That family glaze of common references, jokes, events, calamities-that sense of a family being like a kitchen midden layer upon layer of the things daily life is made of. The edifice that lovers build is by comparison delicate and one-dimensional.
That man can destroy life is just as miraculous a feat as that he can create it, for life is the miracle, the inexplicable. In the act of destruction, man sets himself above life he transcends himself as a creature. Thus, the ultimate choice for a man, inasmuch as he is driven to transcend himself, is to create or to destroy, to love or to hate.
The actual tragedies of life bear no relation to one's preconceived ideas. In the event, one is always bewildered by their simplicity, their grandeur of design, and by that element of the bizarre which seems inherent in them.
The actual tragedies of life bear no relation to one's preconceived ideas. In the event, one is always bewildered by their simplicity, their grandeur of design, and by that element of the bizzare which seems inherent in them.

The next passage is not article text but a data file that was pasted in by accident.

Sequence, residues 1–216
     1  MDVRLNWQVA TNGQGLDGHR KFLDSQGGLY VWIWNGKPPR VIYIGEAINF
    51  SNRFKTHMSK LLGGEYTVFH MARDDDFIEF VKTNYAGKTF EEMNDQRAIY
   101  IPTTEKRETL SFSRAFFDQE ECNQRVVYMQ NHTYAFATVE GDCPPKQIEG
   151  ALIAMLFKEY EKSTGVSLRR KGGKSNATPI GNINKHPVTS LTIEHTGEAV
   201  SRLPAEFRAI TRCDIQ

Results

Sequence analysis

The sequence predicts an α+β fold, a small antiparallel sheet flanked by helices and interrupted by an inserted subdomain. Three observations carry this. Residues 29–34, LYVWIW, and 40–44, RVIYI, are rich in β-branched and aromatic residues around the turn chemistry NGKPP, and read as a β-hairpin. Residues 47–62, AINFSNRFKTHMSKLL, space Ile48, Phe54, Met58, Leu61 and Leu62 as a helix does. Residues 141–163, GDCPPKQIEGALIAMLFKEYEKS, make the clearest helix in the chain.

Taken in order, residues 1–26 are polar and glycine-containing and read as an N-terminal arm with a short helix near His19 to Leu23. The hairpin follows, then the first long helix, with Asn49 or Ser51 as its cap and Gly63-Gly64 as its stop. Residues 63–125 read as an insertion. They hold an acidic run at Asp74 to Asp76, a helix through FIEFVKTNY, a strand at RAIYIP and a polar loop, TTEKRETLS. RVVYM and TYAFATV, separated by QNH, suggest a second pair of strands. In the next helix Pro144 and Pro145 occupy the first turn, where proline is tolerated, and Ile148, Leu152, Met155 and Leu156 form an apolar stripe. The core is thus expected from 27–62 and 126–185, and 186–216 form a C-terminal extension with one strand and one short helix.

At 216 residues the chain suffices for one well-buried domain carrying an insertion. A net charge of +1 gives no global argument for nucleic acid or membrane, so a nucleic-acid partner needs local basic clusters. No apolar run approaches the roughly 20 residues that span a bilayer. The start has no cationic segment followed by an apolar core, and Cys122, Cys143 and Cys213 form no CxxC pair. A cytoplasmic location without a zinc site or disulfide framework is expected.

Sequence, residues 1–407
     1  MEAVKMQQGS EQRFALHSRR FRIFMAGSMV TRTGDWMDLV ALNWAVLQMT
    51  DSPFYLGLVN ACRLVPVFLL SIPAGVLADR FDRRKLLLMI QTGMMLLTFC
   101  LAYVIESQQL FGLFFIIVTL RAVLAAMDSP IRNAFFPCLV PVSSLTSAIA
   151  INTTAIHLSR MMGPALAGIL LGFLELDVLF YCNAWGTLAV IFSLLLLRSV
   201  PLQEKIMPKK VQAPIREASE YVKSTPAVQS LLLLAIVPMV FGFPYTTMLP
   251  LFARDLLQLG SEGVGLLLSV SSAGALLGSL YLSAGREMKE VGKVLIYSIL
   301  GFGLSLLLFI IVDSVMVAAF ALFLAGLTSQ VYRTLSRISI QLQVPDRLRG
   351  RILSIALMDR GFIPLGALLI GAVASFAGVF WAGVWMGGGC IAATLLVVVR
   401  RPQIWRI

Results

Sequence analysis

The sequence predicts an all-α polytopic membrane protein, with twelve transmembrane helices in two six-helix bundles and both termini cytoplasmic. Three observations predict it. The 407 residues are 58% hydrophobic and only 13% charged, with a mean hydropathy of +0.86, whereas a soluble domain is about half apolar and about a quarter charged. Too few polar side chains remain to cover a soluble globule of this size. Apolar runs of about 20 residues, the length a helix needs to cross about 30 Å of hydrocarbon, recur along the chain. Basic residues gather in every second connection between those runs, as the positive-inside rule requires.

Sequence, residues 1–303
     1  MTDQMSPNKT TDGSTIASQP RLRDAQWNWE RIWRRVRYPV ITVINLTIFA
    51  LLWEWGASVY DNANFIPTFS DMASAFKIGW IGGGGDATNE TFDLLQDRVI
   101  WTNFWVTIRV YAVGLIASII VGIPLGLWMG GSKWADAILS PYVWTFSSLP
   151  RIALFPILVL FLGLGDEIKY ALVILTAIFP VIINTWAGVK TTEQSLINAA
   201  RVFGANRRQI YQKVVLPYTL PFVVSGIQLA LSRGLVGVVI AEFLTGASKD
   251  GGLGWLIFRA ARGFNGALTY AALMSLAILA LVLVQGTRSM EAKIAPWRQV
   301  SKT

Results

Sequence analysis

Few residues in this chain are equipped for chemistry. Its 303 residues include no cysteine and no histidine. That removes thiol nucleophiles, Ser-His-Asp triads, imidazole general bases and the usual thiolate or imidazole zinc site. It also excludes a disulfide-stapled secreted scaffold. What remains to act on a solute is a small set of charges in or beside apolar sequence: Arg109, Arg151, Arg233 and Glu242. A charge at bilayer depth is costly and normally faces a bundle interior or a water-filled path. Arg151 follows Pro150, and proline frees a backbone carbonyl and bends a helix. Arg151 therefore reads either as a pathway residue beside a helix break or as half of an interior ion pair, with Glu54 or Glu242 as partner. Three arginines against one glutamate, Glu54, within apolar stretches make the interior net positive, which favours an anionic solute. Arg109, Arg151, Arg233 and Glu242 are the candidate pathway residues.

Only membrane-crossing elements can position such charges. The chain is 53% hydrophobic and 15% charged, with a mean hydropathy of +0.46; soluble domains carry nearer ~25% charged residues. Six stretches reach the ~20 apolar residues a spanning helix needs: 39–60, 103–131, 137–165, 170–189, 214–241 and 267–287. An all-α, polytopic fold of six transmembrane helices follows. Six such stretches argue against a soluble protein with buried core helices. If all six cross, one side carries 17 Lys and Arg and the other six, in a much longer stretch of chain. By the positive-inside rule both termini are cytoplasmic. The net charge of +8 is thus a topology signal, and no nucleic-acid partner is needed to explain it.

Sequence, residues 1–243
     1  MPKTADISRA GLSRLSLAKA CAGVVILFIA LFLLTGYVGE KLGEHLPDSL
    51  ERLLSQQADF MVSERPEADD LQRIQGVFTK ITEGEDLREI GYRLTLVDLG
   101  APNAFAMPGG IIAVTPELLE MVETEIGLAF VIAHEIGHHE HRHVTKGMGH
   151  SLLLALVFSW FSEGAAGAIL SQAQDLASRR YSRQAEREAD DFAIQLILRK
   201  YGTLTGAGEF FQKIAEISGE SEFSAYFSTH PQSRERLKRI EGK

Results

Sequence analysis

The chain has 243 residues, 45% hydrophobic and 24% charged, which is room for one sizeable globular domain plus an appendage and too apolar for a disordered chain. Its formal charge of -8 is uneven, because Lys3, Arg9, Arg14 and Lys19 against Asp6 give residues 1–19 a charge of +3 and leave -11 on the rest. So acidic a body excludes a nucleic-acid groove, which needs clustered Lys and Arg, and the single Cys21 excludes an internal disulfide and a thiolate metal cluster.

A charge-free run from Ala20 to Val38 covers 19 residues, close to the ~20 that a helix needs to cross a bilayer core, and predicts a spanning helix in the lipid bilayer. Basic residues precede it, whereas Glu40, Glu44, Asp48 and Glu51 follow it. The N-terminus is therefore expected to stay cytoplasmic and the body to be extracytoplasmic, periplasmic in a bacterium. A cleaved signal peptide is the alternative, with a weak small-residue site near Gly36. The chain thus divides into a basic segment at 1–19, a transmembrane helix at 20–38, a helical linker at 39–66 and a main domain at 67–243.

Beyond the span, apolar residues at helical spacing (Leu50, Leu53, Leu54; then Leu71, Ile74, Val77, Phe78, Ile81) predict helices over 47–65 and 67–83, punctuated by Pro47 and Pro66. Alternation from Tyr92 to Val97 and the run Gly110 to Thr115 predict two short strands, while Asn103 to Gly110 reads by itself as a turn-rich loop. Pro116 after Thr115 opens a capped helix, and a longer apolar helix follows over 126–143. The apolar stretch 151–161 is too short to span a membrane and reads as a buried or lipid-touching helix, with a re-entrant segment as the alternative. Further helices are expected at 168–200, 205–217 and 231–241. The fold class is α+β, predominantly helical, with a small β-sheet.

The AIDS epidemic has rolled back a big rotting log and revealed all the squirming life underneath it, since it involves, all at once, the main themes of our existence sex, death, power, money, love, hate, disease and panic. No American phenomenon has been so compelling since the Vietnam War.
The aim of art, the aim of a life can only be to increase the sum of freedom and responsibility to be found in every man and in the world. It cannot, under any circumstances, be to reduce or suppress that freedom, even temporarily. No great work has ever been based on hatred and contempt. On the contrary, there is not a single true work of art that has not in the end added to the inner freedom of each person who has known and loved it.